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The former Lipman's flagship store in Portland, now Hotel Monaco

Lipman's was a department store chain based in Portland, Oregon. The company was originally known as Lipman-Wolfe & Company, named after the two founding partners, Adolphe Wolfe and his uncle, Soloman Lipman. It is now defunct.

Contents

History

In 1850, Lipman and Wolfe formed a partnership in Sacramento, California during the California Gold Rush. They became prosperous merchants, expanding into Nevada during the great silver rushes. The later decline of the Comstock Lode impacted the business, prompting Wolfe to move to Portland in 1880.

Wolfe opened a new store in Portland, re-establishing his business. Floods and space limitations forced the store to move three times, the last of which was in 1912, when the flagship store was opened at Fifth and Washington Streets. The new store was just across the street from Meier & Frank's flagship store, sparking an intense rivalry.

Lipman's was well-known locally for establishing several "firsts" in Portland retail history:

  • The first use of an elevator system in a department store.
  • The first retailer to mark set prices on merchandise, eliminating haggling and the fashion code price system.
  • The first retailer to make change down to the penny instead of nickel.

By the end of its identity, the Lipman's brand had grown into a chain of six stores. Adolphe Wolfe died in 1938, passing the company on to his nephew. In the 1950s, the Wolfe family sold Lipman's to the Dayton Hudson Company, which kept the Lipman's brand as a division. Lipman's began to lose market share to Meier & Frank in the 1970s, when Marshall Field's bought all six stores in 1979. All were rebranded as Frederick & Nelson in early April of that year.[1] In 1986, these stores, except for the downtown store which was closed, were re-branded as Crescent Outlets from The Crescent Chain based in Spokane and Owned by Frederick & Nelson. They were purchased by Lamonts in 1988.[2]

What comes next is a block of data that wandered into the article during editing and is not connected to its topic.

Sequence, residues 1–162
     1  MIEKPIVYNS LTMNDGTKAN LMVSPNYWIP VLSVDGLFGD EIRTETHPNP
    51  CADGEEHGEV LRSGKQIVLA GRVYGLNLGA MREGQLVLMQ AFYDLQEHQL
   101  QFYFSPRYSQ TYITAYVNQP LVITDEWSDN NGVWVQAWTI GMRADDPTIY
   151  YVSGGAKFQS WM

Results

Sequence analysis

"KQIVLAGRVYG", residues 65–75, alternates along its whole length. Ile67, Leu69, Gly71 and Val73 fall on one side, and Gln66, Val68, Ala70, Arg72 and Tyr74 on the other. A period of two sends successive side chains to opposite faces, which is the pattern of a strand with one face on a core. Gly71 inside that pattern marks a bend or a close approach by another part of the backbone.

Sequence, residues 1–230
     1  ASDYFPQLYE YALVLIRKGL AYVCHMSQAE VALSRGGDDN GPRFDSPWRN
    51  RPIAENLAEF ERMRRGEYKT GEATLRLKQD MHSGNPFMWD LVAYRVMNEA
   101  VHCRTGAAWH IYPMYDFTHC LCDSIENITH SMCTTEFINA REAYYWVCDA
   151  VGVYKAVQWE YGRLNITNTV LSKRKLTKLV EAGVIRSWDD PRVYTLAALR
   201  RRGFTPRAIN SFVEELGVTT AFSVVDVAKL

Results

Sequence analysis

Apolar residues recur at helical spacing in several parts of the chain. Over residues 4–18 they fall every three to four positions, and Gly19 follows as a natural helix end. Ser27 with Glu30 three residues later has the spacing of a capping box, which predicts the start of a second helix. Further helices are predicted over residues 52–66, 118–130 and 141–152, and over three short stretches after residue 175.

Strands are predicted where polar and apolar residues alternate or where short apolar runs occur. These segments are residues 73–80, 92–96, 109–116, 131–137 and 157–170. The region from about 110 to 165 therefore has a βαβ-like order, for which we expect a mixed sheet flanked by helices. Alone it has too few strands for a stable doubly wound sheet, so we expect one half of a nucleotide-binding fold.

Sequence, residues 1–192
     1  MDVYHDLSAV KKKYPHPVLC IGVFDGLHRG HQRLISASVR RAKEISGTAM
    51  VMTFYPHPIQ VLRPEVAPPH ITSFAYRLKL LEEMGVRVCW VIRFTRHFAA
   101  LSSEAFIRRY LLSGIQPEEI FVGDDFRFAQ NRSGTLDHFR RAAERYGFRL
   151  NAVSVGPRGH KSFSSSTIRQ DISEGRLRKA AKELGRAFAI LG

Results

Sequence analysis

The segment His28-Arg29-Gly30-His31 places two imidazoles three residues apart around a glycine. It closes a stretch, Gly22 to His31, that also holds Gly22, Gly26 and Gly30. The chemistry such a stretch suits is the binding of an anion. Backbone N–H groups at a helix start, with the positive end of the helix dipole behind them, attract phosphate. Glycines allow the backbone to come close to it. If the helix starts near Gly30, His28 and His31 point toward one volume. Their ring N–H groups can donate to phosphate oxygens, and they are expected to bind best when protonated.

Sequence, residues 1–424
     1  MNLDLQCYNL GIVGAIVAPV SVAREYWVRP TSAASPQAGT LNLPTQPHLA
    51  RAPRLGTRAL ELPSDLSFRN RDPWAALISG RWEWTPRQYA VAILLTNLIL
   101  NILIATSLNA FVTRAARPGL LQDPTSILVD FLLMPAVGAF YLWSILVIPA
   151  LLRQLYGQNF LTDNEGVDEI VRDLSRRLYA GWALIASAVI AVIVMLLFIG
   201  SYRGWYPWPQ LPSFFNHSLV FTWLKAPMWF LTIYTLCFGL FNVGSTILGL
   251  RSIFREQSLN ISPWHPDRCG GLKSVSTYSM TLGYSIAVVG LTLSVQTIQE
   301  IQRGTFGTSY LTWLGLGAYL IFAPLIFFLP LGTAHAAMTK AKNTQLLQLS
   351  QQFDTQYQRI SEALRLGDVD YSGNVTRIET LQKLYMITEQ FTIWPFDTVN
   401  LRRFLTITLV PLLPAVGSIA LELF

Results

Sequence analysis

Brief resurrection

In early 1987, F&N Acquisition Corp., the owners of Frederick's announced that they would bring back the Lipman's name as an off-price retail division.[3] Five Frederick & Nelson stores in Oregon and four Great Clothes Outlets in Washington were to be renamed Lipman's, but the Oregon locations instead were sold to The Crescent. These stores were slightly smaller in size than normal stores and catered to "fashion-conscious 20- to 40-year-olds with money to spend on career and casual wardrobes". The division was meant to compete directly with Nordstrom along with complementing its sister store. By January 1988, sales at the stores fell short of the $125-per-square-foot target. Ownership was handed over to F&N executives and all the stores became Frederick & Nelson Red Tag Clearance Centers by mid-1988. All these stores were closed during 1990 cutbacks.

Cinnamon Bear

Lipman's is probably best remembered for the Cinnamon Bear, a popular Portland Christmas time tradition since 1937. The Cinnamon Bear was introduced as a Lipman's-sponsored radio story character, meant to count down the days until Christmas. Along with Santa Claus, his costumed likeness appeared every Christmas at Lipman's stores, handing out cookies to children. Frederick & Nelson continued the practice after absorbing the brand. The Cinnamon Bear survives today as a souvenir at the Fifth Avenue Suites. To this day, the Cinnamon Bear is aired during the holidays on K103. The Cinnamon Bear radio show can also be heard on Kool 99.1 in Eugene, Oregon every Christmas

Portland flagship store reuse

Frederick & Nelson closed the former Lipman's flagship store during a reorganization of the chain in 1986. Ten years and a massive renovation later, the ten-story, half-block building reopened as the Fifth Avenue Suites, a 222-room hotel. In 2007, the Fifth Avenue Suites was renamed the Hotel Monaco.

References

  1. ^ "Tonight we close our doors as Lipman's ....". Advertisement in The Oregonian, March 30, 1979, p. A3.
  2. ^ "Lamonts Buys 4 Stores From F&N's Owners; Move Is Part Of Big Expansion". Seattle Post-Intelligencer. 1997-04-14.  
  3. ^ "Frederick's Changing 8 Stores To New Format". Seattle Post-Intelligencer. 1987-02-18. http://seattlepi.nwsource.com/archives/1987/8701040946.asp. Retrieved 2009-02-26.  

External links

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